Mary and the Annunciation Reflection

Mary, asked a question, surrendered into salvation history at the Annunciation. Asked to enter a mystery that defies human reason, she allowed the mystery to enter the marrow of her soul. Even though the angel, sent from God, posed a question that provoked questions seeded from Mary’s heart, she embraced the mystery because she believed. Not immediately, for conventional rationale would defy the mystery proposed by Gabriel’s greeting. Belief attuned by God’s providence for others, an indwelling of the Holy Spirit, the grace of abandoning fear and promise of a kingdom not cyclically toppled by ravages of conquest but eternally present allowed Mary to spiritually grasp the mystery. From belief emerged the will to serve, for fear of judgmental snickering and persecution vanished in surrendering to the call of God’s word. For Mary, the mystery brought freedom from pondering conventional reality to embracing a Divine design where she participated without being mired by issues of control. Mary trusted God, so she trusted the mystery.

Knowing the blessings of the mystery, today Mary is asking us to participate in the mystery of her Son’s kingdom. What tethers us to self-absorption, so we shun the mystery’s freedom? What tentacles of fear leave us in bondage, imprisoned from God’s grace? Does myopic perception encase our parameters with conventional modalities instead of envisioning innovative designs? For belief in the mystery presents not boundaries, but freedom. A freedom bestowed by God’s grace, an eternal kingdom and the indwelling of the Holy Spirit guides us through the mystery. An experience where gazing in amazement leads us beyond prayerful pondering to serve for the fulfillment of God’s will. The mystery overshadows our lives not with trepidation, but hope, not despair, but joy. Mary lived the mystery and invites us to continually conceive it in our world today.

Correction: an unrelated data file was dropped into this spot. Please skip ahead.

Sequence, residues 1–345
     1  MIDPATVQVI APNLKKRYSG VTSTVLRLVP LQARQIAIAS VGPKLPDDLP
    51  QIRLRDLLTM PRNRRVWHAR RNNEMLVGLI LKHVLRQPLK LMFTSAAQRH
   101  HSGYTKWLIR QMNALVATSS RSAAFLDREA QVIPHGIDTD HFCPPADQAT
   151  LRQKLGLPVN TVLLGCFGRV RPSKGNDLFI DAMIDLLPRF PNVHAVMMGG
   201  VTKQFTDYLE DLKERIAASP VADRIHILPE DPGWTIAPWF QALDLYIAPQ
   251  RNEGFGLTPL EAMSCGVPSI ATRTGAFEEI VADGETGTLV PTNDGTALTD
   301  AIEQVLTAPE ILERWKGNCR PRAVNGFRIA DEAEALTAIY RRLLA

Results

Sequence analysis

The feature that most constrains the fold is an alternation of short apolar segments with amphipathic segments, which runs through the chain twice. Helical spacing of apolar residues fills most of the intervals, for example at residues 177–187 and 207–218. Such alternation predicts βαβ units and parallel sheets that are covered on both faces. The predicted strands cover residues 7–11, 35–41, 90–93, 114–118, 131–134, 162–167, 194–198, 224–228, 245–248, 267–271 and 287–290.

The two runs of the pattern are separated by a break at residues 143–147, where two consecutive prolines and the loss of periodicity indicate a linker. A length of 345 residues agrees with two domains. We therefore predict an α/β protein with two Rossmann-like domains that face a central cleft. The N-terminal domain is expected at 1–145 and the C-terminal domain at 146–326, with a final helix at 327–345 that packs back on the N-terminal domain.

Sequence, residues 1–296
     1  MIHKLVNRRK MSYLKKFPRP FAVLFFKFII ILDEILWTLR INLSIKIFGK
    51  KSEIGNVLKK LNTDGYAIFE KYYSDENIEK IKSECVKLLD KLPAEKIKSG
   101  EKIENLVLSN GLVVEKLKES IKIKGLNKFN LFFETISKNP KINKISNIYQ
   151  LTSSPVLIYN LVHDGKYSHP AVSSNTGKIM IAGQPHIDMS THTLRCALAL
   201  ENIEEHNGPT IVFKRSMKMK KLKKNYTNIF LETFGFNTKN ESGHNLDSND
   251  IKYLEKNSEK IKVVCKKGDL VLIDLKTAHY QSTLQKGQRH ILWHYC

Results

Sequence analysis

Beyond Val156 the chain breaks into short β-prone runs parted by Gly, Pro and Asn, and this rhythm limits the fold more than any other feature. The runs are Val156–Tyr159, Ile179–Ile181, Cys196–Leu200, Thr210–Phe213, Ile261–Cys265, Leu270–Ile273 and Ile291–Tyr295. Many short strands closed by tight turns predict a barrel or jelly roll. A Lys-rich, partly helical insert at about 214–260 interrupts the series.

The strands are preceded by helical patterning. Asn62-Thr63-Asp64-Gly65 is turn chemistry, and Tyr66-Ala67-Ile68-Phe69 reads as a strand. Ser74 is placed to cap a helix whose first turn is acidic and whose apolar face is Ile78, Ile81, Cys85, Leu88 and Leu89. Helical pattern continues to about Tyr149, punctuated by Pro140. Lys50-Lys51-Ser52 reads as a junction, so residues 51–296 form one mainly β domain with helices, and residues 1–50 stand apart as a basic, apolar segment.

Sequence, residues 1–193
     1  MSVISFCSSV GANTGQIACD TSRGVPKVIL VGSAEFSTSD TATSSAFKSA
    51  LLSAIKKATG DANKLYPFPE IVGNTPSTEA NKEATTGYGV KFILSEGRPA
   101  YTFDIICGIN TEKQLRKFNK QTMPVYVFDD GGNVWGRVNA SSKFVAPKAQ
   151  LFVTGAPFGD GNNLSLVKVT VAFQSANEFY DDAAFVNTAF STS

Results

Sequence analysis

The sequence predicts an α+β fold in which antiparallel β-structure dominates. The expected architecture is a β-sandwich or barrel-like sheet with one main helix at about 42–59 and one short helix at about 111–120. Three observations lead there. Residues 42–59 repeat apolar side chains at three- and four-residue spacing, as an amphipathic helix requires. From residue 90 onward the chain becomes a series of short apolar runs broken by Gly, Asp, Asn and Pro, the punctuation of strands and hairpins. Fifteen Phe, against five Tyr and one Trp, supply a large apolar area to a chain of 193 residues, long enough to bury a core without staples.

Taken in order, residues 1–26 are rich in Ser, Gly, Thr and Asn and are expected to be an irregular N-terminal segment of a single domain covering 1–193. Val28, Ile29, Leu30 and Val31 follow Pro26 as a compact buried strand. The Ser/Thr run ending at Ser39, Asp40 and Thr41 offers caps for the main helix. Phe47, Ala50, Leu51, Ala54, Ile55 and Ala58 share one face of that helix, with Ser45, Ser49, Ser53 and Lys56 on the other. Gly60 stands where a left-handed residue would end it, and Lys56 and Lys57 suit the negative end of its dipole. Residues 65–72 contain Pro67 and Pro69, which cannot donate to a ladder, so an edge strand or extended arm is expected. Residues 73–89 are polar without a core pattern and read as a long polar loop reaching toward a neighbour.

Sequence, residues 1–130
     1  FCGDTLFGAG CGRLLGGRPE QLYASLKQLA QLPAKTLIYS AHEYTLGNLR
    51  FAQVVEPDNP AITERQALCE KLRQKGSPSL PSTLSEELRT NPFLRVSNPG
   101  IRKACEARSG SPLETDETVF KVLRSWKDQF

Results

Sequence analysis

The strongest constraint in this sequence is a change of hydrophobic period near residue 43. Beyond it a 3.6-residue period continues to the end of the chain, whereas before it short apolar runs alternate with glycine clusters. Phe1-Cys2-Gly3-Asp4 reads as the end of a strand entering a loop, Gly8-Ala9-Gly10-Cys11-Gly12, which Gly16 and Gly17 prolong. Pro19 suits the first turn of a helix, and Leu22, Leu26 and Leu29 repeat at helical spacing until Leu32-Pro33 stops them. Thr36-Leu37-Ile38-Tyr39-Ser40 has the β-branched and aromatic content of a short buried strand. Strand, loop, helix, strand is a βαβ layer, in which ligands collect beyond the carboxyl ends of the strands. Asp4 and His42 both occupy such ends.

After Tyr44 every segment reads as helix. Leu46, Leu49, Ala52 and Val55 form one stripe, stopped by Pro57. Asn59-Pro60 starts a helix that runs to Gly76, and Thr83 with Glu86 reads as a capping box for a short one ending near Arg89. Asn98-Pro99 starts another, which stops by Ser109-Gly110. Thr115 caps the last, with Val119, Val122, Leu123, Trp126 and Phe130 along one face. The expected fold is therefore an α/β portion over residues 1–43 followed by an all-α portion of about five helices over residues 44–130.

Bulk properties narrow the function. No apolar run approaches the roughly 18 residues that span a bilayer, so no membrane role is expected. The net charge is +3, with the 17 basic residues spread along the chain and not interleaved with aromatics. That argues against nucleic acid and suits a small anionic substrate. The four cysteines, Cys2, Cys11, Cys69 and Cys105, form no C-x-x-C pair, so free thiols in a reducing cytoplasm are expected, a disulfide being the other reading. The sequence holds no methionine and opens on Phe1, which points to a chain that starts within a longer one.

Barb Born April 10, 2013

Advertisements

Mary and the Visitation Reflection

Accepting the angel’s commissioning, a joy was conceived in Mary that needed to be birthed into the world. This embrace of God necessitated she travel beyond the comfort of her abode to share her belief and awaken the joy of the Holy Spirit in Elizabeth. Mary’s joyful greeting even permeated boundaries of flesh to reach the conscience of the unborn heralder of the Messiah. Elizabeth grasped the blessedness of the Divine indwelling in Mary’s belief and the real presence coming to fruition in her womb. The encounter infused joy into the house of Zechariah where doubt had silenced belief in the God of unconventional graces. Will we venture beyond the comfort of a pew to share the joy of our belief and awaken others to the presence of the Holy Spirit indwelling in their lives? Can we look beyond self-construed boundaries of humanity with diverse ethnicity and ideologies to herald the hopeful universality of human dignity in the image of the Divine? May Mary’s courage to radiate belief ease our doubt, so we break our silence? In this essence of joy, the realm of duty vanishes. Belief that the Lord’s word will be fulfilled manifests a blessed peace and happiness of trust.